The Animas River in Southwest Colorado turned a milky yellow when, one year ago today, it was contaminated with mercury and arsenic released from the abandoned Gold King Mine. A crew hired by the EPA to clean up the mine accidentally triggered the spill. Work at that site continues, and it may extend to dozens of mines in the area, but that would still leave thousands of abandoned hard-rock mines in the West that have the potential to pollute waterways.
- A Year After The Gold King Spill, US Still Grapples With Abandoned Mines
- New Mexico Sues Colorado Over Gold King Mine Spill
- EPA Recommends Gold King Mine For Superfund Listing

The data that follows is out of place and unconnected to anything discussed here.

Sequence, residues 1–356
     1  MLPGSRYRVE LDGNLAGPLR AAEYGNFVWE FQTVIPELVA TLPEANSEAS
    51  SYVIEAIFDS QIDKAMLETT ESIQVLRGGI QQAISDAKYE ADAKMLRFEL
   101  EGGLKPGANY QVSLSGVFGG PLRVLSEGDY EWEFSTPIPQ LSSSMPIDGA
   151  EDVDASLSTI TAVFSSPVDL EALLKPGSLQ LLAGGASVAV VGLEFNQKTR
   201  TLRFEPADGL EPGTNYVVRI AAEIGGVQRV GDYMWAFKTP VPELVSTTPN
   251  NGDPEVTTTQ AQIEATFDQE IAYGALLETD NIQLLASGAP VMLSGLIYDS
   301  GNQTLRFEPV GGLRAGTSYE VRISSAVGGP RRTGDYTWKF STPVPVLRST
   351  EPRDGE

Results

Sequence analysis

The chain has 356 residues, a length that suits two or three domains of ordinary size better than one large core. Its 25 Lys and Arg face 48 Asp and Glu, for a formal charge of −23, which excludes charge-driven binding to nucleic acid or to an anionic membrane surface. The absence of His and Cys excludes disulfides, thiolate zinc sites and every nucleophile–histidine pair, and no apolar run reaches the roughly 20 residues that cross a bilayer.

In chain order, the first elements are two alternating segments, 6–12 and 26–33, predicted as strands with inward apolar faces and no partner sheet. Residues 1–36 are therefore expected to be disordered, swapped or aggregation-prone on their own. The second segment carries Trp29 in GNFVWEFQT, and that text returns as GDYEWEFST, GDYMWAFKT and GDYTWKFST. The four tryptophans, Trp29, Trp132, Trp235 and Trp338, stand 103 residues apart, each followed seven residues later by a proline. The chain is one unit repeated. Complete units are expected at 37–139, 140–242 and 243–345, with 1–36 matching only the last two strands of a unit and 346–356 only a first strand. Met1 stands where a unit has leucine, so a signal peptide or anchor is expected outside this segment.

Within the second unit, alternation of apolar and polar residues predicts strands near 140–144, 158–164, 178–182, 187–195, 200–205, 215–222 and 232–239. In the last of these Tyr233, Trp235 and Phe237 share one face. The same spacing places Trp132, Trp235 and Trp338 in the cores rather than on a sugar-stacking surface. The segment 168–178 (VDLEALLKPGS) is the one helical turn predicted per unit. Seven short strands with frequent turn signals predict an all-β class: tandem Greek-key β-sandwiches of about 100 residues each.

Efforts to find money and a plan to clean up the mines have failed for decades and current proposals under consideration in Congress recycle some of the same failed ideas, according to Doug Young, senior policy director at the Keystone Policy Center in Colorado. Under Young's leadership, the center is convening representatives of industry groups, environmentalists, watershed groups, Congressional offices and engineers to develop an alternative proposal. Young has worked on the issue for governors Roy Romer and John Hickenlooper and Sen. Mark Udall.
Young spoke with Colorado Matters host Nathan Heffel.